Talk of the Tahn: One Tough Heaven
Editor’s Note: Meet Pittsburgh Magazine’s new back-page columnist: actor, writer, artist-at-large and rabid Pittsburgher David Conrad. Born in Edgewood but half Philadelphian — which explains the attitude — he’s been a regular on television for 20 years. David divides his time between Los Angeles, New York City, London and Braddock. You’ll find him in this space each month as he delves further into his relationship with Pittsburgh.
photo by Chuck Beard
Last week, I went for a bike ride up the Mon. The next day I played golf on the side of a cliff. Between the two, our river valleys and our hills, I think lies all of Pittsburgh.
Back and forth from one to the other — our jagged Pittsburgh Pilgrimage. It’s who we are. How we’re built.
“Clothes maketh the man?” Well, we’re clothed by our geography.
In steaming heat, I rode an old rail line to Connellsville, past towns abandoned by industry before I was born. Mothers and their children, teenagers and their headphones, old men and their little dogs, all of us following the course of the river trail for our own reasons. Past hillsides where you still can see acres of ruined coke ovens beneath the foliage. That dense growth, and the smell of it in the summer air.
That thing I sometimes forgot when I’d fly in from California — in a hurry to grab a cab, get to Tessaro’s before it closed — the airport doors opening and, bam, Pennsylvania’s intoxicating damp, all of that dark water in the air, that stuff, half sweet, half dead … my home. Riding through it at 20 miles an hour — a cyclist’s baptism. What’s better than to trail the scent of your beloved?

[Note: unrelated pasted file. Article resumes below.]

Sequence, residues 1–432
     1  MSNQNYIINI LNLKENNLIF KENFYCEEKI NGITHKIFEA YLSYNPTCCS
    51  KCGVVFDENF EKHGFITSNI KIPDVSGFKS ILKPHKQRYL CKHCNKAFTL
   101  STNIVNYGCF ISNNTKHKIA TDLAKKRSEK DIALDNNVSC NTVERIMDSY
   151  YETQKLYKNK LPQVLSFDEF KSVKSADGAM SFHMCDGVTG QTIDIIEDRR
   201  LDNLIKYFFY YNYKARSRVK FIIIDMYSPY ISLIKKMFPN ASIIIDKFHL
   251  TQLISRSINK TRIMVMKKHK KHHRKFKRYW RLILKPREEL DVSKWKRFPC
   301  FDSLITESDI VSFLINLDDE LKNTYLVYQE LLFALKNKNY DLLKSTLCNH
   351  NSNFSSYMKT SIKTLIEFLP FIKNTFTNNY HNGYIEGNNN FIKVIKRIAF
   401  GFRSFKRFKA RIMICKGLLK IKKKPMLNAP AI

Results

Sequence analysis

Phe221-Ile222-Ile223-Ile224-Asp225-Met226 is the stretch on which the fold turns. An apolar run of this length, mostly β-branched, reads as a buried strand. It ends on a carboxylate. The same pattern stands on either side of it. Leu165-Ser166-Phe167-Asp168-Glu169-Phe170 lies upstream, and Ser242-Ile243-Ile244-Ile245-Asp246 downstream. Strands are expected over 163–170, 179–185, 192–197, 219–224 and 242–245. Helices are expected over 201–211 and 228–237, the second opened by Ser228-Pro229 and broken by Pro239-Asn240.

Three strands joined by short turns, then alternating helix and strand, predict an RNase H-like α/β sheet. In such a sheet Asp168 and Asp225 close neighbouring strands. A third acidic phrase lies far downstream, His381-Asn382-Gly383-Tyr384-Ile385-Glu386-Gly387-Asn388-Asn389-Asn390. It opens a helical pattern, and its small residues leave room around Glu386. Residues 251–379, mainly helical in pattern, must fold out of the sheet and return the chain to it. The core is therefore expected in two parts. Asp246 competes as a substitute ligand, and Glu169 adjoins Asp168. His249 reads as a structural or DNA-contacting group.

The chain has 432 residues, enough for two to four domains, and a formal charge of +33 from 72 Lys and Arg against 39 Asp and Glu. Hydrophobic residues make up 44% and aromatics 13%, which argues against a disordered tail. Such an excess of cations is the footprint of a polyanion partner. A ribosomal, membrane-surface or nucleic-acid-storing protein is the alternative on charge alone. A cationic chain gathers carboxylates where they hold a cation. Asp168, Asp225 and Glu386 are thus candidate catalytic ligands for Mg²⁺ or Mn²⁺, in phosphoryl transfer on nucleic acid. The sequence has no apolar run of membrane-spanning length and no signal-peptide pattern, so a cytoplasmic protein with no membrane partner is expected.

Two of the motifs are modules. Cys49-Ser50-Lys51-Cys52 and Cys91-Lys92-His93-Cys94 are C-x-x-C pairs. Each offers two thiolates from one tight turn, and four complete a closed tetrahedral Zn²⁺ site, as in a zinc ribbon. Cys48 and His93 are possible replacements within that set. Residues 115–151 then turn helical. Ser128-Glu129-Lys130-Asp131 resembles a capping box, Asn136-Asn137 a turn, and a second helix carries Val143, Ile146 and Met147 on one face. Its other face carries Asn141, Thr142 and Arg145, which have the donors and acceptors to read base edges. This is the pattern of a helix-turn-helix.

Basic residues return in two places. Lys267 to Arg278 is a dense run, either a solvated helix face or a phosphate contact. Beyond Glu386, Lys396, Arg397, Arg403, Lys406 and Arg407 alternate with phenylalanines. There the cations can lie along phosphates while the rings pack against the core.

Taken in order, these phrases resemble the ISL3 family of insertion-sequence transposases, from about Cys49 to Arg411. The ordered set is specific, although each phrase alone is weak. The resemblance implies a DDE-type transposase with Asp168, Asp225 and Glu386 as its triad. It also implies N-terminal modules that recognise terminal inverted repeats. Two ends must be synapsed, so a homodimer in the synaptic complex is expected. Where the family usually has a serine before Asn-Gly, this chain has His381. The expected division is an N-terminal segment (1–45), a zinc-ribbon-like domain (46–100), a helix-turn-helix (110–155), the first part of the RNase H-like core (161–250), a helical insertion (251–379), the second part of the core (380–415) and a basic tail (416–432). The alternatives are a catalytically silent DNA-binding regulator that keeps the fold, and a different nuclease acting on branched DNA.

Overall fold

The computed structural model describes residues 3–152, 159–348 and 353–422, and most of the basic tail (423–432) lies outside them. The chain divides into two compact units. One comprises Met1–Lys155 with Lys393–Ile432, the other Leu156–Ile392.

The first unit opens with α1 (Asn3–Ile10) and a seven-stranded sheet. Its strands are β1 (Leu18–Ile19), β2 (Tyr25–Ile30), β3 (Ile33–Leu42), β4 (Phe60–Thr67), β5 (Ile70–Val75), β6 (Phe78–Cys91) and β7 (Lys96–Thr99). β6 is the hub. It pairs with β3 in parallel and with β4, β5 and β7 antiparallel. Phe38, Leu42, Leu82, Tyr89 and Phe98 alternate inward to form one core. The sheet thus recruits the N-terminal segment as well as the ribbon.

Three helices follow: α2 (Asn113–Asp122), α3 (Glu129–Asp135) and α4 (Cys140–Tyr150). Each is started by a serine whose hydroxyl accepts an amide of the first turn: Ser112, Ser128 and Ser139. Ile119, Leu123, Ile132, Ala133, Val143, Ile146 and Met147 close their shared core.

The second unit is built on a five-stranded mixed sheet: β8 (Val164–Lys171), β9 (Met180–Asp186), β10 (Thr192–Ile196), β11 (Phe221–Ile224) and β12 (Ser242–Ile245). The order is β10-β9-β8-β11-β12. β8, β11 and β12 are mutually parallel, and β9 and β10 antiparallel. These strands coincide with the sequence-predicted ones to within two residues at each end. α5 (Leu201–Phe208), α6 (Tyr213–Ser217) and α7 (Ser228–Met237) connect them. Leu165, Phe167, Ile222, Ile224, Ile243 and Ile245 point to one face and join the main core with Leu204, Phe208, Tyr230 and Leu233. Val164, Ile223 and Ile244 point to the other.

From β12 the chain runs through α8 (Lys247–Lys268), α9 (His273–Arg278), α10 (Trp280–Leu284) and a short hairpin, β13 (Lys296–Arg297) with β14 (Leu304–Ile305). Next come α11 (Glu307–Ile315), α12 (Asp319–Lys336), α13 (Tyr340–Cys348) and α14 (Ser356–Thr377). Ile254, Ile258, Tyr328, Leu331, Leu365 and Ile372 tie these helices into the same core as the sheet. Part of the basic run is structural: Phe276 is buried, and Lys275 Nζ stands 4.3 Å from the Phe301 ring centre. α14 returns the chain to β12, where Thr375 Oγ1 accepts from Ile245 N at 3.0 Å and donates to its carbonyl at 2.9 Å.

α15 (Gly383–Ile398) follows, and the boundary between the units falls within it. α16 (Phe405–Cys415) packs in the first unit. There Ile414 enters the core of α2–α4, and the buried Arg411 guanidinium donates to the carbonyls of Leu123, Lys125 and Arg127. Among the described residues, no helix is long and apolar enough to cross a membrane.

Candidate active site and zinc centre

On the clifftop, I played a working-man’s golf course. They let me walk. By the ninth hole, I was sure the wind was in my favor, but a thunderstorm was coming down the Mon.
The temperature dropped 20 degrees. The clouds turned white-grey, presaging a downpour, and then their tails dove toward the earth, presaging something worse. But closing in, God, it was mighty and beautiful.
Before it hit, I could, by the 10th hole, see the top of Pittsburgh’s last standing steel mill. I could see Kennywood, where all of us had spent our youth. To the north, I told myself I could see Oakmont and its tony golfers hiding in their club. When I turned to look back across the fields, I could see the monoliths of Downtown, and in the spaces between the varying shades of hillside grey I knew there were rivers.
Right next to me was East Pittsburgh, which is still a town and not a direction, and below were Braddock Hills and Chalfant, which few Pittsburghers even know exists. And beyond them, the beautiful tracery of the Westinghouse Bridge, which faded as the thunderheads closed in and the local pro rolled up in his cart to drag me off the green. “Greatest round of your life, huh?”
I missed the putt.
I miss a lot.
photo by Duane Rieder
I’ve never missed anything more than I miss my hometown. And whenever anyone from the TV business, on a working Monday, asks me what I’d been doing the past weekend and I tell them I flew home for two days, across the country just for the heck of it, not for a funeral, not because my mom was ill, not for a reunion, no … just because I wanted to breathe it in, they look at me and pause.
And I believe in that pause what I hear and what I see is, I have something they want. Or something has me.
More often than not they smile and say, “I hear ya” or “Good for you man,” or some such phrase we use in a minor chord when the words we might otherwise speak might be too big to believe.
So, I’ll be writing some words on this back page for awhile, and I hope I can keep them not too big but not too far from what we all share here in our tough heaven, Pittsburgh.